The Labor of Preaching

piper-preaching

John Chrysostom (c. 349 – 407) was arguably the greatest preacher amongst the Post-Nicene Church Fathers. His tireless reforms in church worship (liturgy) and his focus on areas of social need won him the praise of the common people and the ire of many elites in his day. In this passage, Chrysostom explained the burden of being a pastor by outlining a phenomenon every true preacher will understand. He articulated the terrible feeling that comes when people ignore or fail to put into practice the word of God. Conversely, he describes the unrivaled joy and energy that comes when a congregation hears and responds to biblical proclamation.

Preaching really entails hard work, and this fact Paul made plain when he said: ‘Let the presbyters who rule well be held worthy of double honor, especially those who labor in the word and in teaching.’ But you are responsible for making this toil light or heavy. If you despise my words or, though you do not despise them, do not embody them in your deeds, my toil will be heavy, because I am laboring fruitlessly and in vain.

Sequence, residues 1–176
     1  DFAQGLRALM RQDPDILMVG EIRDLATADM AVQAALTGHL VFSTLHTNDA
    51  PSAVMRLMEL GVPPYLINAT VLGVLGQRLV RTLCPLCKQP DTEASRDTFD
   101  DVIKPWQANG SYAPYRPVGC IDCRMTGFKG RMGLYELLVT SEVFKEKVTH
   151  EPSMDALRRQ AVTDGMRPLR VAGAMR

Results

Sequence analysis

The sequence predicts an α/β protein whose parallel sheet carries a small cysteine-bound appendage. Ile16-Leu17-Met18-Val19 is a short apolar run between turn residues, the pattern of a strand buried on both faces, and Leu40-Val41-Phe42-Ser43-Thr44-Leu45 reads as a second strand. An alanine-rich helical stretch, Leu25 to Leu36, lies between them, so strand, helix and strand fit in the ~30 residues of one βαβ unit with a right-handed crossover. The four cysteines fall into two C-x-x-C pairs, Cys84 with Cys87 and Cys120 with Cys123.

But if you pay attention and make my words manifest in your deeds, I shall not even be aware of the perspiration, for the fruit produced by my work will not permit me to feel the laboriousness of the toil. And so, if you wish to spur on my zeal and not to extinguish it or make it weaker, show me the fruit of it, I beseech you, in order that, viewing the leafy crops, sustained by hopes of a rich harvest and calculating my wealth, I may not be sluggish in engaging in this promising task.1

Footnotes:

1 Saint John Chrysostom, “Homily 22 (John 2:4-10),” in Saint John Chrysostom: Commentary on Saint John the Apostle and Evangelist, Homilies 1-47, vol. 33, The Fathers of the Church, ed. Roy Joseph Deferrari (New York: Fathers of the Church, 1957), 212.

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